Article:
Advances in Heating and Cooling

Historic production involved more variability in heating methods, temperatures, and cooling times compared to computer-controlled systems used now. Tighter climate control affects factors like chocolate glossiness, crispness, and smoothness.

Changes in Mixing Methods

Reese’s initially used simple melting and folding techniques to swirl chocolate and peanut butter together. Newer high-shear mixing achieves a more homogenous blend of the components into a unified could affect the taste and consistency.

Packaging Differences

Reese’s were originally foil wrapped by hand versus today’s automated flow wrapping. The switch from foil to plastic flow wrap changes the shelf life, preserving qualities, and unwrapping experience.

Food Safety Enhancements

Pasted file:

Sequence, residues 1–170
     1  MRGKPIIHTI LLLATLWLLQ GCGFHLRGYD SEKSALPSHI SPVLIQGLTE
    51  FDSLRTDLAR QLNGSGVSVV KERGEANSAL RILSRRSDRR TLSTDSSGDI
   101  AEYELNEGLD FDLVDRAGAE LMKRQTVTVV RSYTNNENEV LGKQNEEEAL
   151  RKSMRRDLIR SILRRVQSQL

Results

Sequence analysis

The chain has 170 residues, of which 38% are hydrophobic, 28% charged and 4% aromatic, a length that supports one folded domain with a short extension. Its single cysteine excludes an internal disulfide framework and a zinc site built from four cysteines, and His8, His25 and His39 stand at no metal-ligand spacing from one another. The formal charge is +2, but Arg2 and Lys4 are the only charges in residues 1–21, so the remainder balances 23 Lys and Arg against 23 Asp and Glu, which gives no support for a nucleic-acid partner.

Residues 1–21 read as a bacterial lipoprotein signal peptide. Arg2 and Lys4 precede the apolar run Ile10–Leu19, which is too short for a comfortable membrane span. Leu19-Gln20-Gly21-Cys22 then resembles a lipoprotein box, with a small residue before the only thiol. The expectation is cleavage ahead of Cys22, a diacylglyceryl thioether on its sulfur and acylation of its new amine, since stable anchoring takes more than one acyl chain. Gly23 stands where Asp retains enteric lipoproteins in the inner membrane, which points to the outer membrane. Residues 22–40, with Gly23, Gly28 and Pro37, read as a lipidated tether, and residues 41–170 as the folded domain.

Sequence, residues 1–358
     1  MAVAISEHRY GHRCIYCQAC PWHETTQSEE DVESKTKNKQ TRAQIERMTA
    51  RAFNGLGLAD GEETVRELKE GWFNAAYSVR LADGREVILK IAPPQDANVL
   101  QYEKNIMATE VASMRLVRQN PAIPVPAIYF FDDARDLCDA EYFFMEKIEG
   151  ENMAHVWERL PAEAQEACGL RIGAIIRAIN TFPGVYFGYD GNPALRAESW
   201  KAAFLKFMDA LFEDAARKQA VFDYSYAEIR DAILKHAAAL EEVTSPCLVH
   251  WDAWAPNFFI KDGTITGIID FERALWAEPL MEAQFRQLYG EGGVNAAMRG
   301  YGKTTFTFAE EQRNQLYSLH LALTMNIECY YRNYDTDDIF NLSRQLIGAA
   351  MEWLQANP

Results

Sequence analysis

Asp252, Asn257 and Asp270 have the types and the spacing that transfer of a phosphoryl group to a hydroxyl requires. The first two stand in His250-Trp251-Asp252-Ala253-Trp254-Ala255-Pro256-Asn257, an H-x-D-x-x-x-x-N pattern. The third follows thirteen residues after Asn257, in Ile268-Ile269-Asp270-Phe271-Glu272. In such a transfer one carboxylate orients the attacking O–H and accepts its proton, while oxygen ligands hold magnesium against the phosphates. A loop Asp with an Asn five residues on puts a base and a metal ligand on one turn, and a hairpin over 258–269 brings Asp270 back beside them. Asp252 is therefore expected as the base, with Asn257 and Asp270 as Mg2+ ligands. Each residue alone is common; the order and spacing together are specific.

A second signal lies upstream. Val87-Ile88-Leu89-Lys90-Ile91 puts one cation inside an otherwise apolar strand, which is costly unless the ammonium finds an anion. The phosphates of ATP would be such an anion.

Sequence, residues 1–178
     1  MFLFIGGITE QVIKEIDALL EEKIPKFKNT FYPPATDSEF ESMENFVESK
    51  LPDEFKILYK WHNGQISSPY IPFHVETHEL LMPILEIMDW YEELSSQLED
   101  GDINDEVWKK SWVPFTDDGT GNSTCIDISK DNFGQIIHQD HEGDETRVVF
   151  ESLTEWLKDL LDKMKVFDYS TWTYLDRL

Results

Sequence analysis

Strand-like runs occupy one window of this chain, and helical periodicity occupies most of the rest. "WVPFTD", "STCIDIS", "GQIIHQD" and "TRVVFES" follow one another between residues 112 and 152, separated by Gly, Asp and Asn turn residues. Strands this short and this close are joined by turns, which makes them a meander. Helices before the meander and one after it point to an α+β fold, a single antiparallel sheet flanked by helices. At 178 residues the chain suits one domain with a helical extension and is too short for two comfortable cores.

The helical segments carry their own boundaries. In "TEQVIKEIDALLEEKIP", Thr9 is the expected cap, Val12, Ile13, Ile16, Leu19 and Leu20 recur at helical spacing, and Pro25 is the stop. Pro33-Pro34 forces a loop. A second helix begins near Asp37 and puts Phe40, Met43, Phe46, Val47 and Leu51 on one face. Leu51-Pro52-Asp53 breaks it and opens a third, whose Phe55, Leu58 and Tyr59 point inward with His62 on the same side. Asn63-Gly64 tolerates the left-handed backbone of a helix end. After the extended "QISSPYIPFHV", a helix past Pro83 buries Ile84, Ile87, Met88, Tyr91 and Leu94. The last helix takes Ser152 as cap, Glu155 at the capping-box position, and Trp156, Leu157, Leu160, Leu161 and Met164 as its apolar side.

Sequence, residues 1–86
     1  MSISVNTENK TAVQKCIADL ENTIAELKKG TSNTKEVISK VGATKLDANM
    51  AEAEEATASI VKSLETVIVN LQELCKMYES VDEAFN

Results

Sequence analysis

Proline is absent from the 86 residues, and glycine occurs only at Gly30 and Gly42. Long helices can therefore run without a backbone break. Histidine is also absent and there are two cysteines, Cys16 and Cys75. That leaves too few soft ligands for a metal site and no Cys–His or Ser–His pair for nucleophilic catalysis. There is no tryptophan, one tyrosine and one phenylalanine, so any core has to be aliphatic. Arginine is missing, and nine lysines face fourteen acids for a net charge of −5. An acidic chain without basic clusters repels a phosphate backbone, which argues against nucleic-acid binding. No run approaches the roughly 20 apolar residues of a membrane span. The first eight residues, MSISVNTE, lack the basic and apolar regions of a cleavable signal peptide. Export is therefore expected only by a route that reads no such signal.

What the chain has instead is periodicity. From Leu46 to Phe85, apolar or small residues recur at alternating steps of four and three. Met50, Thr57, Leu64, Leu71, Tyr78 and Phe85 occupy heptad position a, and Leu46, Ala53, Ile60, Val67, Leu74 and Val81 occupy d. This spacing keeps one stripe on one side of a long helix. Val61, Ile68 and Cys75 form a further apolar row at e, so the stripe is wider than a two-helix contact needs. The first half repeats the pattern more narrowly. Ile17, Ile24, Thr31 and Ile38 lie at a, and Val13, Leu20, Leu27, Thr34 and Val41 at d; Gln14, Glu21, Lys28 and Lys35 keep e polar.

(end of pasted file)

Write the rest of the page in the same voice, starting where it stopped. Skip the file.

Hershey’s has instituted more food safety protocols, equipment sanitation, and microbial testing over time. While positive, extra handling and inspections could marginally impact end products.

Recipe and Ingredient Supplier Changes

Additional explanations for Reese’s taste evolution include Hershey’s periodic adjustments to the candy’s formulas and ingredient sourcing:

Recipe Tweaks

Minor recipe changes by Hershey’s over the years involving proportions, new additives, or rebalancing chocolate and peanut butter ratios would alter taste. For example, adjusting peanut butter sweetness, chocolate thickness, emulsifier levels, etc.

Cocoa Bean Source Changes

Hershey’s likely uses different cocoa bean suppliers today compared to decades ago. Varying soils, genotypes, and farming methods make cocoa beans distinct, affecting chocolate flavor.

Peanut Acquisition Changes

Similar to cocoa, switching peanut suppliers over the years exposes Reese’s to new peanut variations in aroma, oil content, sweetness, etc. based on seed variety, origin, season, soil, climate, and agricultural practices.

Sugar Source Changes